Disruptive technologies have become more frequent than ever before, making business agility and the ability to adapt key competitive differentiators. Every day I speak with IT executives who are asking how Cisco can help them respond to new requirements across their physical, virtual, and cloud-based environments. They feel compelled to accelerate the delivery of applications, better align IT with business activity, and reduce time to revenue. They want to know if their initiatives will have the impact and outcomes they require. Can they capture the full value of their technology investments? How can they up their game when it comes to delivering IT services that their businesses need to succeed?
Today Cisco introduced its Application Centric Infrastructure (ACI) offerings to manage the health and performance of the applications that you rely upon to run your business. A simplified, flexible, and agile framework, ACI aligns the needs of the entire application lifecycle, overcoming functional silos, and bringing together your infrastructure, security, application, and cloud teams through a holistic architecture and policy-driven framework.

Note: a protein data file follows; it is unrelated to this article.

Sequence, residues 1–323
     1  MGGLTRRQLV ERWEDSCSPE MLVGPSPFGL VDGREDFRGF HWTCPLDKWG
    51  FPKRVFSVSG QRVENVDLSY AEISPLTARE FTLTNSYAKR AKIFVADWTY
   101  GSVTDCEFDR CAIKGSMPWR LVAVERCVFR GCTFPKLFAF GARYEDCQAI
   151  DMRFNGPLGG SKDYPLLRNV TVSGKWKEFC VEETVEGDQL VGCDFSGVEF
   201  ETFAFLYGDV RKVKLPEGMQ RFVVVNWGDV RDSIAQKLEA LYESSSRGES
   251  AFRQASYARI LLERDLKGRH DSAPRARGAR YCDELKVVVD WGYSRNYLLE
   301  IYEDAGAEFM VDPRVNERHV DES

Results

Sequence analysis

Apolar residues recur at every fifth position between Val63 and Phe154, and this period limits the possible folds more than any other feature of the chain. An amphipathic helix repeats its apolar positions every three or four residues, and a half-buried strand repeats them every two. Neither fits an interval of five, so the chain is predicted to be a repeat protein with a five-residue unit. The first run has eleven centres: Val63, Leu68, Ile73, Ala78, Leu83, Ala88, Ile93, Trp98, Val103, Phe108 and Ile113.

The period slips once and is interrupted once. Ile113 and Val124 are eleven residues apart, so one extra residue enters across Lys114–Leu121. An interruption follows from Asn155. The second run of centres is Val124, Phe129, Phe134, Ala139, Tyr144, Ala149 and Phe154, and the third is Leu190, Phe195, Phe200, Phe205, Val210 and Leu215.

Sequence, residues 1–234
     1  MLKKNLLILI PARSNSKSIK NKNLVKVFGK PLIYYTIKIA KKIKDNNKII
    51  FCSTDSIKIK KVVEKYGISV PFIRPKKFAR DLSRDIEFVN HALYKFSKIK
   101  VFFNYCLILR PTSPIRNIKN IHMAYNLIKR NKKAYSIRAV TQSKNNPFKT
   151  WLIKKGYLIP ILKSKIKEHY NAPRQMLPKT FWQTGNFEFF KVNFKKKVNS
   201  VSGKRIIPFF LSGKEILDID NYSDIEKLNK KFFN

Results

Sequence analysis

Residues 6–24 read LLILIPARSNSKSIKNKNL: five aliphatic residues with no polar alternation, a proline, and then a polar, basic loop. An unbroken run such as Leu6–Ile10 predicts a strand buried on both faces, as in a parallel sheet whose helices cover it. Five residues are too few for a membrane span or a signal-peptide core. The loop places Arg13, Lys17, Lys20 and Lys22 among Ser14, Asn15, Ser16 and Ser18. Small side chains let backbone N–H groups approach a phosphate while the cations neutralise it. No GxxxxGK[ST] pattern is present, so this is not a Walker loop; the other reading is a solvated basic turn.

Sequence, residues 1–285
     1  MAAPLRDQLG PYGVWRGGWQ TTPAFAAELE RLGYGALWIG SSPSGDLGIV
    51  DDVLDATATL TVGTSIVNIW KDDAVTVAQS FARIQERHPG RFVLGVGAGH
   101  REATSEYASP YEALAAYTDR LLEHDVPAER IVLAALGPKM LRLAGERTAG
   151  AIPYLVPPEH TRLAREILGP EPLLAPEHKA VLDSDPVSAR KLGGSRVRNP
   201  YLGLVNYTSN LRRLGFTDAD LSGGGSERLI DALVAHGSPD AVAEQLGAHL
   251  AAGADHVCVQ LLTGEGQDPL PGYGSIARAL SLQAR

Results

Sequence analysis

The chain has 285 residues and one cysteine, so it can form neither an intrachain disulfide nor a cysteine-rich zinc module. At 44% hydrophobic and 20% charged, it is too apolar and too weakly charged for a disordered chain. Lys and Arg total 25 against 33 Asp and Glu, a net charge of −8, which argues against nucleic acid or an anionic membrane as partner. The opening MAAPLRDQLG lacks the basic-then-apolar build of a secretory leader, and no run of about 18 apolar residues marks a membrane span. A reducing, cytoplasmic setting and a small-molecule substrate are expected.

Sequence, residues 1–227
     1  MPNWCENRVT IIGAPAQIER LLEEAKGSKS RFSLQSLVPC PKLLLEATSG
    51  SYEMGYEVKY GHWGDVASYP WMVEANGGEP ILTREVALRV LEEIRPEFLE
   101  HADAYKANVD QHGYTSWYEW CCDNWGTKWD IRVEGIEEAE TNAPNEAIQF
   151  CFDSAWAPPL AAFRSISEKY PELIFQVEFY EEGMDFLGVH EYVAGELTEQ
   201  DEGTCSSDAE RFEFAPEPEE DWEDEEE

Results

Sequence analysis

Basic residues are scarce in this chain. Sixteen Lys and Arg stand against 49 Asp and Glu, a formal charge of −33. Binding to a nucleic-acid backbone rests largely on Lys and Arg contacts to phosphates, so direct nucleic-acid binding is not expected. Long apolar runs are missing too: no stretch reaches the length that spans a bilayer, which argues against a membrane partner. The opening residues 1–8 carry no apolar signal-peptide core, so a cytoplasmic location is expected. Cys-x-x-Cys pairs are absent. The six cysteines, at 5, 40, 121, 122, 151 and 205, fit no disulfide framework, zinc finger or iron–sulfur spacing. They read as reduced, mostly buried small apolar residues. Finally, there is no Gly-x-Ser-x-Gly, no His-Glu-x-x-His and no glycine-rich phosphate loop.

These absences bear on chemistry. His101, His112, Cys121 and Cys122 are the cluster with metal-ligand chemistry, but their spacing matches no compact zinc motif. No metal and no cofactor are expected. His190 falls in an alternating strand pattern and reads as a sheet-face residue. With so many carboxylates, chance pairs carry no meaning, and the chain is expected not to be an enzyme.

Applications have become the lifeblood of our economy. They are how business is done; how partners and suppliers interact; how employees connect; how consumers share, learn and buy. Every business is becoming an applications business. Every industry is becoming an application-centric industry, and the business model shift is only accelerating. We all truly live in an application economy now.
And think about this: by 2020 there will be fifty billion things connected to the Internet. New and valuable connections will be formed between those things and people, processes and data, creating the next wave of the Internet -- the Internet of Everything. Most of us will experience the value of the Internet of Everything through applications. This shift to an application economy is perhaps the biggest IT market transition of all.